Ashes 2013/14: Stuart Broad remains nameless and faceless in Australia, gets threats of tackle on Facebook

Author : NAR133

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Australia v England - First Test: Day 1

Stuart Broad was promised a special treatment from the fans. He’s getting it in full flow now, some of it in bad taste

The Stuart Broad saga in Australia is taking a new turn every other day it seems.

After Australian fans’ target no.1 was rendered nameless by the Courier Mail in Brisbane, the newspaper kept true to its promise of not calling Broad by his name and went as far as completely cutting out his image in the photographs of the match it published.

On the eve of the Test match, the Brisbane newspaper had called for a ‘Broad Ban’, saying that it will be mentioning the cricketer as ‘the 27-year-old English medium-pacer’. On Friday morning, the newspaper did report the happenings on the cricket field, but only after completely removing Broad from the pages:

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Australia v England - First Test: Day 2

It also printed a scorecard, but Broad’s name was referred to ‘T27YEMP’, short for ‘the 27-year-old English medium-pacer’

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If Stuart Broad had laughed off the newspaper’s attention-seeking tactics, Shane Warne slammed the Australian media for adding fuel to the fire and warned that such incidents can only drive the player to give it back to his detractors, boosting Broad’s morale to answer everyone with performance on the field.

In conversation with Channel Nine, Warne said, “This ridiculous stuff with the papers is just childish. It’s just like being at primary school. The Australian papers – we’ve been the worst media, the worst print media, for a long time. They’re horrific, some of these guys, and I tell you what this is actually helping Broad, it’s actually backfiring on them straight away.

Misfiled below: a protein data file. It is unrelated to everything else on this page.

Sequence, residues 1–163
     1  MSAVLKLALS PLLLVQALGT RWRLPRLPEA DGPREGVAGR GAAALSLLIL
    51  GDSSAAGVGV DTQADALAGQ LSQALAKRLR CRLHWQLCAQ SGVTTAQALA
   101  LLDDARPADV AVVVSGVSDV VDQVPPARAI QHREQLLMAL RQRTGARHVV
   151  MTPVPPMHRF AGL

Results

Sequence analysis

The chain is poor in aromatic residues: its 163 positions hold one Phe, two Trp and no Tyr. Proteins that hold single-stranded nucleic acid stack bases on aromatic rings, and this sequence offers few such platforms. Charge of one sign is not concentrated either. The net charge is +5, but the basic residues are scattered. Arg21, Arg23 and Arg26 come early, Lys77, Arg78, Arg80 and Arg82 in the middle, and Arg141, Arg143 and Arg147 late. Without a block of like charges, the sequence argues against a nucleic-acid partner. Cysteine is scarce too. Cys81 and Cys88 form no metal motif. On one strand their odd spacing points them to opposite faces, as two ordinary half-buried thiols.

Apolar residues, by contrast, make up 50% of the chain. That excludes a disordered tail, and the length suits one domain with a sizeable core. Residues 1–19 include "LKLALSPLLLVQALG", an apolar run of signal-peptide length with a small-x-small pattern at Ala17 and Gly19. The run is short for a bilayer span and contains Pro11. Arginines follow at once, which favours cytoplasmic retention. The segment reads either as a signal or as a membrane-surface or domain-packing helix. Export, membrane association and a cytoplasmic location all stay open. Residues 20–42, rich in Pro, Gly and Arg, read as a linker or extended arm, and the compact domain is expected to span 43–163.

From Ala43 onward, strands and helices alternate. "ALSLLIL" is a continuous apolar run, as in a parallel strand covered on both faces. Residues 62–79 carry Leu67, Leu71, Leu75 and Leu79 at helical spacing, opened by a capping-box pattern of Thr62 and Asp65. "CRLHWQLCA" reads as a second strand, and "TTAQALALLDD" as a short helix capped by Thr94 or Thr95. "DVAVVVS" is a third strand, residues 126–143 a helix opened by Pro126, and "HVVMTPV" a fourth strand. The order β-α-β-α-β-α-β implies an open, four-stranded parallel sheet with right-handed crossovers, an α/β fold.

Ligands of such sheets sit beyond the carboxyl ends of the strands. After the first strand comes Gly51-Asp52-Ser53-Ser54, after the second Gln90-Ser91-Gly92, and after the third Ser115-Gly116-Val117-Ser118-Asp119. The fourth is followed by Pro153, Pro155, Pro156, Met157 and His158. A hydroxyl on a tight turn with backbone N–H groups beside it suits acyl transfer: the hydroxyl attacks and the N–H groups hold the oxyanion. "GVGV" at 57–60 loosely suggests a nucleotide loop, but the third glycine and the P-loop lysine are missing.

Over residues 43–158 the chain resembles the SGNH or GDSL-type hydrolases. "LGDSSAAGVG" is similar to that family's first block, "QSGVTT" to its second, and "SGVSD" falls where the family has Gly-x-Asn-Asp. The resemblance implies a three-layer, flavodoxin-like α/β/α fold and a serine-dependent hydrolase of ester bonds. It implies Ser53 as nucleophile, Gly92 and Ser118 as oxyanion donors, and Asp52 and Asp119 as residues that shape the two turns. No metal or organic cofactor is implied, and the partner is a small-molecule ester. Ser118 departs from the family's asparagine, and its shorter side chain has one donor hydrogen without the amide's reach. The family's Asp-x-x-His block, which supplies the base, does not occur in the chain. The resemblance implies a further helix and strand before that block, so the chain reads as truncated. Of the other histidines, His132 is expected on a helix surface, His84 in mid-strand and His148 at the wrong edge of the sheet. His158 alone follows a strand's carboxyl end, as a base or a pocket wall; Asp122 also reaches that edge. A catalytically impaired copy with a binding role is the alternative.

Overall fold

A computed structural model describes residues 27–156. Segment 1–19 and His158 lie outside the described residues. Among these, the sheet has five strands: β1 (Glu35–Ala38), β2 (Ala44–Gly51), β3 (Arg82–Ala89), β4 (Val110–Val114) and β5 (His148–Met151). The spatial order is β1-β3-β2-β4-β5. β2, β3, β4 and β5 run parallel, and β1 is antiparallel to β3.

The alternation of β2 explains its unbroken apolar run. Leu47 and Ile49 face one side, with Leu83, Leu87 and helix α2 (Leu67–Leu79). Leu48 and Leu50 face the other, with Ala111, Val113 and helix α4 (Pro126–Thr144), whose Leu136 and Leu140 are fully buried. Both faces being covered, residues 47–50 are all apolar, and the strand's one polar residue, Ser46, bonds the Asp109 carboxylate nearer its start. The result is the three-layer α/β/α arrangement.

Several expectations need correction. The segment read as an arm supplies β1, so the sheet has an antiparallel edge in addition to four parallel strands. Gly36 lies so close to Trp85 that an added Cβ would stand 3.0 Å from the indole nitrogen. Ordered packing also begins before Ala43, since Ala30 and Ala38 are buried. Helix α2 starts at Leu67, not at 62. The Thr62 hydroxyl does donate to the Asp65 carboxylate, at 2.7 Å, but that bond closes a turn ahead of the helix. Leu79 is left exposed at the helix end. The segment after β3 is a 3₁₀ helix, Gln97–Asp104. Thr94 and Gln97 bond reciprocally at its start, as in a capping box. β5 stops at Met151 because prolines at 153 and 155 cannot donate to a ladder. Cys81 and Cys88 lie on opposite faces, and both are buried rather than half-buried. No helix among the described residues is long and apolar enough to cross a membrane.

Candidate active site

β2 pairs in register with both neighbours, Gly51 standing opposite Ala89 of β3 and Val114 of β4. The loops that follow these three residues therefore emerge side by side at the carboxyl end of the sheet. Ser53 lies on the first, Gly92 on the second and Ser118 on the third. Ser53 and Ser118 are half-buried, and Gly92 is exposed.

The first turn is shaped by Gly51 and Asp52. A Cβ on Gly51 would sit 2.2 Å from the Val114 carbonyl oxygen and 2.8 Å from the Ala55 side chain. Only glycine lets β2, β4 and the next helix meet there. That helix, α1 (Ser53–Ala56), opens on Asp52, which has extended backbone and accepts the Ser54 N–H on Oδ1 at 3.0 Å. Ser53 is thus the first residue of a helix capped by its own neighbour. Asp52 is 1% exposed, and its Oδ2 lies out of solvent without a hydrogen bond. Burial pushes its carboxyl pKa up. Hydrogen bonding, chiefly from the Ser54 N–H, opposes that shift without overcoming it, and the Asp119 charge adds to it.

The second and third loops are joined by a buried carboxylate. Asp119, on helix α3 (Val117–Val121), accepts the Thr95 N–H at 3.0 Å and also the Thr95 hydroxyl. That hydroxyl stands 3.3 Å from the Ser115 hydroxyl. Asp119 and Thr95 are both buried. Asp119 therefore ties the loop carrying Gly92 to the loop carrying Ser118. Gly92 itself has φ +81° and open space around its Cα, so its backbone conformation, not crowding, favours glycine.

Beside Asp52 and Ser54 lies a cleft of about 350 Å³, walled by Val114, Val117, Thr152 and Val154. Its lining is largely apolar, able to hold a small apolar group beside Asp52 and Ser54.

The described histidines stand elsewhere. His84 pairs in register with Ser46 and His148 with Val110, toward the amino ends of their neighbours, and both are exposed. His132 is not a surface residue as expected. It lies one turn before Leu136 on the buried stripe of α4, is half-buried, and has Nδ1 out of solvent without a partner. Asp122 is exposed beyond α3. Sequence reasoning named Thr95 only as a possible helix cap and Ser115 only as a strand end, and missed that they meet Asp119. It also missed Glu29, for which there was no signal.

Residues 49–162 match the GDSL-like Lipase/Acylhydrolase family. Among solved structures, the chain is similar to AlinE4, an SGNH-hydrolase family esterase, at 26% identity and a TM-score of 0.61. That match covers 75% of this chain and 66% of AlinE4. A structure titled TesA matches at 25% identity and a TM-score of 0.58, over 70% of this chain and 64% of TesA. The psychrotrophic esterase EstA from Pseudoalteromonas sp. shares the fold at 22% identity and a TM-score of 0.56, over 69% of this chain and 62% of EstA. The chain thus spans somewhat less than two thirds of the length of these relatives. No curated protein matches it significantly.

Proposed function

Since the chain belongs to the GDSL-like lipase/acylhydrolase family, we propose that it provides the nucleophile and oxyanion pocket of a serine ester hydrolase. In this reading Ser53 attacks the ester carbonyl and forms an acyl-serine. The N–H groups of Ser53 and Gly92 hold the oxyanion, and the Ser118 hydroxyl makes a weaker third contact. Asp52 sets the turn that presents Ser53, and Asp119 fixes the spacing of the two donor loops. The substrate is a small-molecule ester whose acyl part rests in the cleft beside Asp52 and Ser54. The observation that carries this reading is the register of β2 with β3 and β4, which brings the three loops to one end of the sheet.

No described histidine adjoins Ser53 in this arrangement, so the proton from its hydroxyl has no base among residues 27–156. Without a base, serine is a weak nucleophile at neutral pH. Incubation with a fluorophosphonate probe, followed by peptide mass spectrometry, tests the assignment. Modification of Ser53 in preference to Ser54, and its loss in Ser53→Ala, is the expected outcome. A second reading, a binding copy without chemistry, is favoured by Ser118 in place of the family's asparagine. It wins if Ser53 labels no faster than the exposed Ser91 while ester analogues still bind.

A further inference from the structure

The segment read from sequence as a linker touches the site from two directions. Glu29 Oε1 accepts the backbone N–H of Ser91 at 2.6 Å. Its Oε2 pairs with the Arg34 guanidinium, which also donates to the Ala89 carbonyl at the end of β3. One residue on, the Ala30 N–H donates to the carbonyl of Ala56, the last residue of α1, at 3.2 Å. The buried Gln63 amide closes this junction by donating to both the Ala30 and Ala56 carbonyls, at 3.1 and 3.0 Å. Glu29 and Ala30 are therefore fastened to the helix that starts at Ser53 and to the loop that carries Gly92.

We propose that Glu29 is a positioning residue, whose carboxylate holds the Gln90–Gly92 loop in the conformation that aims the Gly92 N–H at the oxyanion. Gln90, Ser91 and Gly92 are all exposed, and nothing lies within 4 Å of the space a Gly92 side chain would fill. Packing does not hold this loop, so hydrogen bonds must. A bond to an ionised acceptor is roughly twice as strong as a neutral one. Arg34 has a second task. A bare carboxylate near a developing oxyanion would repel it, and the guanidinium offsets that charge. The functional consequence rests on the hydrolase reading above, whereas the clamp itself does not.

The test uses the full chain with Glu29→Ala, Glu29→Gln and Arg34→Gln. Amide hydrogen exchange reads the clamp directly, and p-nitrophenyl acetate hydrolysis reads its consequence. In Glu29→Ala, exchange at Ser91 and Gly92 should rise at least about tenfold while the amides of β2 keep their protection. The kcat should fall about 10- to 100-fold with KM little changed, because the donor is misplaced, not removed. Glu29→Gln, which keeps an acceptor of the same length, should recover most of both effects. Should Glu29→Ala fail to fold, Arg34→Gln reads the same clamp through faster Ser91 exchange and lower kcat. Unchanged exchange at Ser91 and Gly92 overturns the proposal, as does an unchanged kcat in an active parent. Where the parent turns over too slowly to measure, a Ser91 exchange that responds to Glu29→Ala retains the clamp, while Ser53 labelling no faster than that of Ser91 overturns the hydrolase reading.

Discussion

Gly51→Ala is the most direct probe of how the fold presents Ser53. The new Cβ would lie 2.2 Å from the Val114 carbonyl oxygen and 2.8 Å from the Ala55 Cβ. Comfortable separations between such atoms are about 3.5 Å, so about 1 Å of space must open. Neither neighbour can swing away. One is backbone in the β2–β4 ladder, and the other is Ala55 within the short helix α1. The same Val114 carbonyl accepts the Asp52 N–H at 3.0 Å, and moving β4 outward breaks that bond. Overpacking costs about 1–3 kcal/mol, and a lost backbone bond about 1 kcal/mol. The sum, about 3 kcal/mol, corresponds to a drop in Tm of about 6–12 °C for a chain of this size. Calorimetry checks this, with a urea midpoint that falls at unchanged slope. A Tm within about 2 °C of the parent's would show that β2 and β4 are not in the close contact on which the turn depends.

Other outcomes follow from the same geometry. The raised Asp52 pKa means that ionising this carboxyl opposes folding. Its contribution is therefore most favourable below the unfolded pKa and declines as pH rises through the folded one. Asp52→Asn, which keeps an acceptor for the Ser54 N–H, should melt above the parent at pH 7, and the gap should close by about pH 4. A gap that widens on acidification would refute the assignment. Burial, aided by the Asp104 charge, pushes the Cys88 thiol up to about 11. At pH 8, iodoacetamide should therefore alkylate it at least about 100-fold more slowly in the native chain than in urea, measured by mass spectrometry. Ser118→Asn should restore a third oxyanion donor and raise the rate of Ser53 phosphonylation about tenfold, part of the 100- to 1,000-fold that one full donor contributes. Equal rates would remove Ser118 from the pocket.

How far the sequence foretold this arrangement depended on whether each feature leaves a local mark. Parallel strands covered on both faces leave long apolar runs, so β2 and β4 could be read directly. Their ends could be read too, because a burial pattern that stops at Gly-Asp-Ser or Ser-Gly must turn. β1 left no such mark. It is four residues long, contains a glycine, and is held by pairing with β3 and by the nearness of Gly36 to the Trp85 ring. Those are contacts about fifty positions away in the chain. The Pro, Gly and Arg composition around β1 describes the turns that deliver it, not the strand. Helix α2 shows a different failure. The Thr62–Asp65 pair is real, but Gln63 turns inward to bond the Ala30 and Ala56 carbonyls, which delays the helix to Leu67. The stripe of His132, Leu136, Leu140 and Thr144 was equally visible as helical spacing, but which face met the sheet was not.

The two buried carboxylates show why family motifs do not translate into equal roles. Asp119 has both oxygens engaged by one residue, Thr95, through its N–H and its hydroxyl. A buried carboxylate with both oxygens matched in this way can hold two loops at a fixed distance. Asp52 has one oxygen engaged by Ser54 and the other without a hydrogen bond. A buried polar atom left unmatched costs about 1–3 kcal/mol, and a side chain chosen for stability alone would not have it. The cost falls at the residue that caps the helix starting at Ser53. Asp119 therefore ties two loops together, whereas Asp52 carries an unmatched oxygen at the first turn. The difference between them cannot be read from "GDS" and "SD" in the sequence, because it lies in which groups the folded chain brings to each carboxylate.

“You don’t really need that added motivation but as an individual deep down you think, ‘I’ll show you. You can sing your songs as much as you like but I’m just going to go about my business, I know what I’m doing’. It just inspired you a little bit more.”

Even if all this can be discarded as ‘childish’, some other incidents need urgent attention and need to be nipped in the bud.

A few new Facebook pages have been created which call for ‘likes’ and promise to tackle Stuart Broad on the Boxing Day! The 4th Test of the ongoing Ashes commences on the Boxing Day (26th December) at Melbourne Cricket Ground, and the owners of these pages have made a promise to tackle Broad at MCG if their pages reach a minimum number of ‘likes’.

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Cricket Australia have taken a strong stance on this, and requested Facebook to take down these pages. An ESPNCricinfo report says that one of these pages had garnered 114,000 likes already, but it seems to have been removed after the CA’s appeal.

In press statement, CA said, ”Cricket Australia takes this issue seriously and will not tolerate anti-social behaviour, or anyone encouraging it, at any cricket match. We’ve been in contact with Facebook to request the specific page be removed and will be passing on all available information to the relevant authorities.

“Anyone considering acting in this way is not welcome at the cricket and offenders will be subject to criminal charges and fines at all venues. Fines for entering the field of play vary from venue to venue but range in the thousands of dollars per offence.”

The England and Wales Cricket Board also criticised such threats on social media and deplored the use of violence in cricket.

“The ECB deplores any threats made towards any player and would urge Facebook to accede to Cricket Australia’s request to remove the offending and offensive page. There is no place in cricket for the incitement to violence of any form,” ECB said in an official statement.

If this was not enough, there was a pig involved too!

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